Saturday, May 24, 2008

Talk of the Nation: Reaction when public figures become ill or disabled

Elizabeth Edwards talks to a Senate committee about cancer.

NPR's "Talk of the Nation" delved into public reaction when public people become ill or disabled in its May 23 discussion called "When Public Figures Get Sick."

"These days, with 24/7 media, the illness of a public figure quickly becomes a major story -- for instance, the news this week that Sen. Ted Kennedy (D-MA) has a brain tumor. Another recent example is Elizabeth Edwards' battle with breast cancer," Tom Reagan writes of the show's Blog of the Nation Web site.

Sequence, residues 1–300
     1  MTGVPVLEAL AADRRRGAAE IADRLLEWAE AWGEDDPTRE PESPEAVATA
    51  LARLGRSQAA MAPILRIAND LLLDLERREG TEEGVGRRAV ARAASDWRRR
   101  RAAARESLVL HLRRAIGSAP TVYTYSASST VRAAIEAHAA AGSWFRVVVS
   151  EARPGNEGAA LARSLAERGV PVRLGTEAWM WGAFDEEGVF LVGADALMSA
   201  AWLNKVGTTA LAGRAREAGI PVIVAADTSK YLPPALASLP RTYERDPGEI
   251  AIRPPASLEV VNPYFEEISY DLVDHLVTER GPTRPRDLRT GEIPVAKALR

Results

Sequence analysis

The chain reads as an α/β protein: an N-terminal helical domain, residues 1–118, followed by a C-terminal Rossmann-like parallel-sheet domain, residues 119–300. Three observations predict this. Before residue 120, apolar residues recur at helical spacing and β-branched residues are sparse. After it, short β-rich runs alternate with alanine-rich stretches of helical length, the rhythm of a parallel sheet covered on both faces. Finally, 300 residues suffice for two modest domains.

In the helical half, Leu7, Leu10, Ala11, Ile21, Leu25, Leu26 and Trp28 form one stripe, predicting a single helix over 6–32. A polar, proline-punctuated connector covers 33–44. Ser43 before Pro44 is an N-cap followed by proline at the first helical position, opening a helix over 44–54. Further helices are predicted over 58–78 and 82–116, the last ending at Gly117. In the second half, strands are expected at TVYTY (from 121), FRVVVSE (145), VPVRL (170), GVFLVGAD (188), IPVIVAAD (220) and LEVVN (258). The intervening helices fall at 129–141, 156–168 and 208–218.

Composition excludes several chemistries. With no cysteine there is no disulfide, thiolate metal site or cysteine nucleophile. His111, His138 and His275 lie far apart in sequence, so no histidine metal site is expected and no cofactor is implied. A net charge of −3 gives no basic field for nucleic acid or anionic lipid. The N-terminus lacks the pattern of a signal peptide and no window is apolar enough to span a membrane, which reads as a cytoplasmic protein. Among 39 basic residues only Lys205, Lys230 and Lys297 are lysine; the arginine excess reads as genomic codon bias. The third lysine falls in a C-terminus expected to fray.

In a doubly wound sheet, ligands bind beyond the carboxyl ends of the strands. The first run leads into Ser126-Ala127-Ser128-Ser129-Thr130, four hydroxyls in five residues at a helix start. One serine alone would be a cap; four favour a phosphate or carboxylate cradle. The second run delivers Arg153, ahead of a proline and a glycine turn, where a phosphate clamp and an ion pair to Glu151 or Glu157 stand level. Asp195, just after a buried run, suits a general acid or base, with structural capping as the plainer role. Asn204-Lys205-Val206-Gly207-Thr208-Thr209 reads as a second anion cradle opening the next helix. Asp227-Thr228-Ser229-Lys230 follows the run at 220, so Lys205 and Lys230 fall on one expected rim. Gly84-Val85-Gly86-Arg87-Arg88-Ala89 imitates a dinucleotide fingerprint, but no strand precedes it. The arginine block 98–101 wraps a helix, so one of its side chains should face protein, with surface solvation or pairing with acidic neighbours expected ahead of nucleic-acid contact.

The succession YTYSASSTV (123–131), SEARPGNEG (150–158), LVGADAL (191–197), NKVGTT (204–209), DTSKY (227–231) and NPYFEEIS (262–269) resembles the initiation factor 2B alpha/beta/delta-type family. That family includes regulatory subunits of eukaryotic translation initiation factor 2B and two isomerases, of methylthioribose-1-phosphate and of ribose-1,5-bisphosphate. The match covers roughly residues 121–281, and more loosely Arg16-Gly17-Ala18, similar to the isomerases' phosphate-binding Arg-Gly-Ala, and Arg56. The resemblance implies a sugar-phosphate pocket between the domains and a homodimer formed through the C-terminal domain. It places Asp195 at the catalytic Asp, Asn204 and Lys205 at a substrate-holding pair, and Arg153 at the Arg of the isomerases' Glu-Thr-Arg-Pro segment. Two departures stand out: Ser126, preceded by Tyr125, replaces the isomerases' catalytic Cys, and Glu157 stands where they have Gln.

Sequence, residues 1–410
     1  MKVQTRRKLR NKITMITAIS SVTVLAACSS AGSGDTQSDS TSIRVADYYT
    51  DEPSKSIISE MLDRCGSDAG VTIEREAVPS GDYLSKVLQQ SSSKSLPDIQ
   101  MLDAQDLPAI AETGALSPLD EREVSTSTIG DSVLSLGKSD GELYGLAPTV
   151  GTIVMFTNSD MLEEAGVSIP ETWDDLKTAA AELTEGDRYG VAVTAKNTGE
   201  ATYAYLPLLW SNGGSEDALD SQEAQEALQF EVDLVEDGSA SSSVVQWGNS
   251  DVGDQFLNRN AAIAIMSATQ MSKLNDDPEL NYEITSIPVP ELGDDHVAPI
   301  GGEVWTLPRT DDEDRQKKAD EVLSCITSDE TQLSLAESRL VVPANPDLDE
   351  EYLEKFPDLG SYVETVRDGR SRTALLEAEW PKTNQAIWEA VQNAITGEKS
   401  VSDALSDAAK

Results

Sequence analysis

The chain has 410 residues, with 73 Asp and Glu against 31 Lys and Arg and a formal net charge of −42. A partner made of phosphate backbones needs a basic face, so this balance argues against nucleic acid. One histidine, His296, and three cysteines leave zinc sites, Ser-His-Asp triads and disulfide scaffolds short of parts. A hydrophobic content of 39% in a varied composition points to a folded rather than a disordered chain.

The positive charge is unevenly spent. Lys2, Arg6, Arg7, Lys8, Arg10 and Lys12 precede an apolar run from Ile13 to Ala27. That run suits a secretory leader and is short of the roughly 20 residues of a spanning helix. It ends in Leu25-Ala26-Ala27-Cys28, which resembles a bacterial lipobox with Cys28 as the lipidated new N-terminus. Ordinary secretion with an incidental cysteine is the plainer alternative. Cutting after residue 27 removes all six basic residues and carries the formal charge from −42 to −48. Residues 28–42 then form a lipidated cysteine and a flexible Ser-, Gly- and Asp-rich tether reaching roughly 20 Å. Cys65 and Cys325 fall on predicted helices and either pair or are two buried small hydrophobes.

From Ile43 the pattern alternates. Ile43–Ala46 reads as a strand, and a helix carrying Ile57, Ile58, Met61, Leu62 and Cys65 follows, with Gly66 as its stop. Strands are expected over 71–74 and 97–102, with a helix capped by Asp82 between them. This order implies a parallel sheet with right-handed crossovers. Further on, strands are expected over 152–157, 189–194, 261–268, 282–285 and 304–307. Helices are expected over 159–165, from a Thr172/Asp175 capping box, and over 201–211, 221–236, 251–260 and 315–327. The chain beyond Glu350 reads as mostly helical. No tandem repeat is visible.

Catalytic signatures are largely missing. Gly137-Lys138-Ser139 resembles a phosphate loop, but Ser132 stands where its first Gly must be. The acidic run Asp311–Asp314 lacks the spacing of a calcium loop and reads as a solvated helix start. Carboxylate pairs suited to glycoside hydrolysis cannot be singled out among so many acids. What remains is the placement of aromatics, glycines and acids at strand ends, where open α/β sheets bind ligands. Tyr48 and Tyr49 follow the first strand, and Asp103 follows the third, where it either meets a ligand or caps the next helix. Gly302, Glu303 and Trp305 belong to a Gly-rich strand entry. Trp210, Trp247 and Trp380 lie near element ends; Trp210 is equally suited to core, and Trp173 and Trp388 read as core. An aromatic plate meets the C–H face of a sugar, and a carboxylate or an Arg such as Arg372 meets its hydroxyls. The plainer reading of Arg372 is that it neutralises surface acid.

"Often these illness can lead to a great deal more information about a particular illness making its way into the public mind share. Past examples include; the late-Mickey Mantle's liver replacement and what it did for raising awareness of organ donation; 'Magic' Johnson's battle with HIV/AIDS reduced the stigma associated with the disease; and the late President Reagan's battle with Alzheimer's made more people aware of it's debilitating effects."

The show also discussed polio survivor FDR and the heart attack of President Dwight Eisenhower in 1955.